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Krakoa’s first mutant elected X-Men team to the forefront with an epic debut

Gerry Dugan & Pepe Laraz brings Krakoa’s first mutant elected X-Men team to the forefront with an epic debut issue of X-Men #1 (2021 relaunch)

Gerry Dugan & Pepe Laraz brings Krakoa’s first mutant elected X-Men team to the forefront with an epic debut issue of X-Men #1 (2021 relaunch)

By Wayne Royale

A monster is unleashed in New York City, and the Marvel Universe’s heroes are only a few minutes too late to stop it. A voice crackles over the radio, “This is Captain America.” “The Avengers are 30 seconds away from Lower Manhattan,” says the narrator.

There’s no need for it. The X-Men arrive with their usual vigor and efficiency—and, somewhat surprisingly, their efforts are lauded. “It’ll take some getting used to being cheered,” new member Synch says.

This is unquestionably a new epoch. The X-Men have been around since the 1960s, but they’ve never had the same level of fanaticism as Captain America or Spider-Man. Unlike other heroes, the X-Men are aware of the weight of their mutant status, and their stories are set in the shadow of the mythical, flawed Mutant Metaphor.

With this first issue, writer Gerry Duggan, a veteran of series such as Uncanny Avengers, Deadpool, and Marauders, and ace artist Pepe Larraz introduce a new squad and establish a new state quo.

The issue is clearly intended to serve as a jumping-on point, a reminder that the X-Men of your childhood are still alive and well. But its significance extends beyond the traditional beats of a New York brawl, because, as long-time readers are aware, the X-Men haven’t appeared in Marvel Comics for the past two years.

In 2019, when Jonathan Hickman rebooted the X-line, he was presenting a narrative “about mutants” and “what their place in the world is.” The Marvel Universe’s mutants are still heroes, but their role is no longer that of Charles Xavier’s figureheads or assimilation agents.

The X-Men series was not actually about the X-Men throughout the first era of Hickman’s relaunch, dubbed as Dawn of X, which Hickman appeared to enjoy when commenting on the state of the X-books late last year. What Hickman pulled off was having X-Men books for several issues and runs and Marvel crossovers such as Empyre without having an actual X-Men team. 

Duggan doesn’t spend any time putting the team together in action. The squad swiftly set up shop in Central Park, with Synch as the glue guy and Cyclops and Jean Grey in charge, and used their talents to combat some gigantic alien. The scenario takes up a little too much page time — which is, if anything, an excuse to let Larraz and colorist Marte Gracia steal the show — but it mercifully ends with a Power Rangers-style power-up.

If it weren’t for a gorgeous double-page spread of the X-treehouse Men’s headquarters in Central Park, that sequence would be the issue’s creative highlight. Larraz and Gracia never fail to ground the X-Men in the Krakoa era aesthetic when creating such a familiar-looking team. Cyclops and Polaris navigate the new facility, which the team has named Seneca Gardens, surrounded by plants and other vegetation.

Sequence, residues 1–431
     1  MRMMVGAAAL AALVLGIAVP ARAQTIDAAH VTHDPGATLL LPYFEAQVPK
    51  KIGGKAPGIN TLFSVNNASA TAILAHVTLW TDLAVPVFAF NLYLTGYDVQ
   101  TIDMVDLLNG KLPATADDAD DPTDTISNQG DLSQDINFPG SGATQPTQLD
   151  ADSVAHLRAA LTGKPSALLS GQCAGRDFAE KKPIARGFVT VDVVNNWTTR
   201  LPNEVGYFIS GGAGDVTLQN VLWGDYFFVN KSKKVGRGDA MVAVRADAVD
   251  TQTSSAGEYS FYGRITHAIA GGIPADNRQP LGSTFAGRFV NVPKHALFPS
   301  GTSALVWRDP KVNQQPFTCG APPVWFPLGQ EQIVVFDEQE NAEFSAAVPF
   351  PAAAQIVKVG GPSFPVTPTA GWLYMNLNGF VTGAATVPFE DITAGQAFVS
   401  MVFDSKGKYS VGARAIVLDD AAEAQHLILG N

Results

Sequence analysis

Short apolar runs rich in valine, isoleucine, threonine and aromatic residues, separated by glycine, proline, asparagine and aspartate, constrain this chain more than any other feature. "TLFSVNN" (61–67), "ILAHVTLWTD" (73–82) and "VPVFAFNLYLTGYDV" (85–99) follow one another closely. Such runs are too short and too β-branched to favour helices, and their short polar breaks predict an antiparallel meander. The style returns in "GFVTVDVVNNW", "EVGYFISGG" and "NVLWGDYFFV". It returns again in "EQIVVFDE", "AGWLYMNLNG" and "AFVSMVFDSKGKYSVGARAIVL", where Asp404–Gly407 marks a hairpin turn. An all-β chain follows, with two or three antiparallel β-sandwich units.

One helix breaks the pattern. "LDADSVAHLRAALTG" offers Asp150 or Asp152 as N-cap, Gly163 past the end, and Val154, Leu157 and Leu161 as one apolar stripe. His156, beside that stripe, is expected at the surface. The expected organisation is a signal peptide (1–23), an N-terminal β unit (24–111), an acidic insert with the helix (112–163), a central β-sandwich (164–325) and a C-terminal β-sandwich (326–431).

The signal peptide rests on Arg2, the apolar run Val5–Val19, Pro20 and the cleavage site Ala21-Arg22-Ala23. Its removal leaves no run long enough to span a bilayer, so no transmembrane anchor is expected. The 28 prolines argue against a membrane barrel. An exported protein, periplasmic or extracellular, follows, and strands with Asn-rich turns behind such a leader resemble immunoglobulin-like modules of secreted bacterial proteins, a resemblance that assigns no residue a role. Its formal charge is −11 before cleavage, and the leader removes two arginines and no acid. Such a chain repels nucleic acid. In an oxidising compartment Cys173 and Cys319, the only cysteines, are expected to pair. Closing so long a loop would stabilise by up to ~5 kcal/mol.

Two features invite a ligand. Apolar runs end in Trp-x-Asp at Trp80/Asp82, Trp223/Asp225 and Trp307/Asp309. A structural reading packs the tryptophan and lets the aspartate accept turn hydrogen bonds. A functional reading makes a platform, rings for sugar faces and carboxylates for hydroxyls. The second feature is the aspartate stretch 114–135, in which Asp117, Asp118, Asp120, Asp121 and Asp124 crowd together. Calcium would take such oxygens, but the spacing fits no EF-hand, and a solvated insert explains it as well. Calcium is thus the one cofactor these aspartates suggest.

The location serves as a memorial to slain mutants as well as a homage to Seneca Village, a real-life neighborhood in New York City that was evacuated to make way for Central Park. The Mutant Metaphor has always bothered me when it comes to anti-Black racism in the United States, a problem exacerbated by the reality that the majority of X-Men are white.

Even this new team has only one Black member (Synch) and one other person of color (Sunfire, who is Japanese). Is it reasonable for mutants to take over a location that is important to Black American history and utilize it for their own ends? I’m not certain, however, based on the amount of room Duggan devotes to data pages examining the headquarters’ origins, he appears to be interested in doing so in future issues.

Duggan’s expansion of the story’s breadth while weaving in threads from earlier in the Krakoa era is more successful. A new potential foe is particularly interested in the implications of the Planet-Sized X-Men, and several characters appear to be on the verge of unraveling one of mutantkind’s most closely guarded secrets.

Duggan — who previously worked on Guardians of the Galaxy and Nova — ventures into space at one point for a wild scene with a strange group of aliens. This issue takes place in a new period, yet it retains the classic spirit of Chris Claremont’s X-Men, in which the tale can jump from New York to space and everything in between.

This comic, like earlier stories, is free of unhappiness and the extinction-era dread that plagued the X-Men in the mid-aughts. Mutants have plenty of foes, yet they’re thriving right now. Even the irritable Sunfire is aboard for the adventure — and he hasn’t given up yet! I only wish we had seen more of the personalities of the characters in this first issue, which focuses primarily on Cyclops and Jean.

The joy of this issue comes through in the vibrance of the art, which comics journalists, including myself, have a propensity of emphasizing on too much in our reviews. The X-Men have returned. Duggan recently tweeted, “Hated & Feared No More.” It’s an excellent time to be a fan.

What do you think?

Written by Mr Royale

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